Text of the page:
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The Scarlet & Black

The Scarlet & Black

Brand New’s brand new “Science Fiction” worth the eight-year wait

Lacey performing in Toronto, 2006. Photo contributed

By Jack Marchesi

Brand New are back from their typical between-album slumber with their new album, “Science Fiction.” This marks the band’s first release in eight years, the longest they have waited yet to put out a project, and it is safe to say this was a highly anticipated album.

Though not particularly creative, the title, “Science Fiction,” adequately matches the tone that the album sets. Brand New often does well creating a project that contains a few straightforward pop-structured bangers interspersed with songs that appear to be more experimental for emo music. The new album certainly delivers with this formula.

The album opens with an eerie psychoanalytic sample that recounts the dream of a patient. The patient’s voice, masked by static and warped effects, is accompanied by an ominous sway of stringed instruments. The omnipresence of overproduction and electronic synthesizers in the introductory track might lead a devout Brand New fan to be nervous right off the bat, but it all makes sense as soon as Jesse Lacey’s voice creeps in.

It could be argued that all of the band’s previous albums begin in a captivating way, but “Science Fiction” certainly makes use of a new approach: a lengthy and somber tune that leads the listener to expect some experimentation.

That being said, Brand New jumps right back into their iconic sound for the meat of the album with songs like “Can’t Get It Out,” “Same Logic/Teeth” and “Out of Mana.”

Brand New have been known for their emotional and poetic lyrics in the past, but “Science Fiction” seems to explore these traits further.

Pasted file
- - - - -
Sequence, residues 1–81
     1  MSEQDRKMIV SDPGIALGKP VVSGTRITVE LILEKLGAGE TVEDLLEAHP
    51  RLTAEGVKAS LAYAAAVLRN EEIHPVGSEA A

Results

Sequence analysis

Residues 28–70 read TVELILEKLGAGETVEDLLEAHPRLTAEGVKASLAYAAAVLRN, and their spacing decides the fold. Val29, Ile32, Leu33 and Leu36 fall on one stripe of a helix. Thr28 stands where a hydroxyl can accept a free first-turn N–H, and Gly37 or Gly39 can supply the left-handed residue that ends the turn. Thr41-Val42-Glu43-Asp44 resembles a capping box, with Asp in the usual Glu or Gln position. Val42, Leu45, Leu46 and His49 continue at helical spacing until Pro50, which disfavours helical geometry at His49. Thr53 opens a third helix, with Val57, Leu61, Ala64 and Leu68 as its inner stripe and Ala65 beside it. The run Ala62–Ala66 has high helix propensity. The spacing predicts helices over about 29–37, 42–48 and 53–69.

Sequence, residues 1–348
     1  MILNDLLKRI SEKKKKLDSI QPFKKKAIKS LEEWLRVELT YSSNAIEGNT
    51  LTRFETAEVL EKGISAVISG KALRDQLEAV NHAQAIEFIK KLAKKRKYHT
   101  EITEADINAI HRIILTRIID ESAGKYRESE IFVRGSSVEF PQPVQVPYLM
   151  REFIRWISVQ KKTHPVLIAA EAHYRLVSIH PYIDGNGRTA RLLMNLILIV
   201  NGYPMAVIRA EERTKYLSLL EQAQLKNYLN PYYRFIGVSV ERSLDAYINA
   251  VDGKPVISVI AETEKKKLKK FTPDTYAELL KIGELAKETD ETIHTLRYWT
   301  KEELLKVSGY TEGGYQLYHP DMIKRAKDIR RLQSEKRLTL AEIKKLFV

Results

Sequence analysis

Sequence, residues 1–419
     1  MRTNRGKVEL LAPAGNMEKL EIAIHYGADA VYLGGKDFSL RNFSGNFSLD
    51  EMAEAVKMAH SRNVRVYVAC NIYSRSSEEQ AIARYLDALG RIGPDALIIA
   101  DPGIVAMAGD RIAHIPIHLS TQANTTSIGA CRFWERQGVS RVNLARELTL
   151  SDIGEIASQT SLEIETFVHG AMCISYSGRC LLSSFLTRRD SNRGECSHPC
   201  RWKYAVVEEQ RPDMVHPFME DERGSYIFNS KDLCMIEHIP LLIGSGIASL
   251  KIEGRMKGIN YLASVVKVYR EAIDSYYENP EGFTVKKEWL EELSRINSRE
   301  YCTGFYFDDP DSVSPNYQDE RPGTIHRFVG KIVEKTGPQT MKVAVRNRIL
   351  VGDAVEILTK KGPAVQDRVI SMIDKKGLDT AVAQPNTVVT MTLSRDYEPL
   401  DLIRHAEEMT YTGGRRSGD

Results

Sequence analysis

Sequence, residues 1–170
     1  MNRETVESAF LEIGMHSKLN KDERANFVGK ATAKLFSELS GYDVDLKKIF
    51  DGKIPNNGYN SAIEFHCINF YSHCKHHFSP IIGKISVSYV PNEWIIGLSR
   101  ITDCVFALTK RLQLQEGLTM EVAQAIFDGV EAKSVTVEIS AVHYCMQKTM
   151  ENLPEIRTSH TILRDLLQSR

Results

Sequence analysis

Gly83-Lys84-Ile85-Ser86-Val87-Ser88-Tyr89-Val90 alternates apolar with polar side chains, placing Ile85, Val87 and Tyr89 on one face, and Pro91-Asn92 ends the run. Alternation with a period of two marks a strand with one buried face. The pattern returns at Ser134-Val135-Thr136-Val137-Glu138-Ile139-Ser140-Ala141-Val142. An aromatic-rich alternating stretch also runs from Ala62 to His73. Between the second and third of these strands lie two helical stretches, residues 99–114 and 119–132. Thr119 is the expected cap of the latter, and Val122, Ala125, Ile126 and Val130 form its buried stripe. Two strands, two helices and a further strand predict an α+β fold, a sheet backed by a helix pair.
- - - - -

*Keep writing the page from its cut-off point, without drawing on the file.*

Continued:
For example, on “Can’t Get It Out,” Lacey sings “Not just a manic depressive, toting around my own cloud, I’ve got a positive message, sometimes I can’t get it out.”

Lacey’s lyrics from the third chorus seem almost apologetic for the extensive catalog of dismal music that he has produced, but also acknowledges the brutal power of mental illness — a prominent theme throughout “Science Fiction.”

Throughout its history, emo music has been accused of being whiny and gloomy, and Brand New seems to address this by acknowledging that as the point of the genre. Lacey notes that his music serves as a release for himself in addition to being a soothing source of release for his listeners that may be experiencing something similar. At one point he sings, “Were you one of the cured kids? My shins burn for the replica youth.”

This album is a must-listen for people who enjoy hard-hitting lyrics that are accompanied by well-polished punk backing tracks.

Brand New has constantly been evolving since their first release, and their progression has shaped and transformed a genre in monumental steps — Science Fiction” is the latest edition to this progress, and has the honors of achieving the band’s premier accolade of a Billboard No. 1. Seriously, go listen to this and reevaluate your life. It is healthy.

Lacey performing in Toronto, 2006.
Photo contributed
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  • S

    seanSep 3, 2017 at 3:14 pm

    also the line is “..manic depressive, toting around my own crown…”

  • S

    sean mSep 3, 2017 at 3:03 pm

    punk backing tracks ?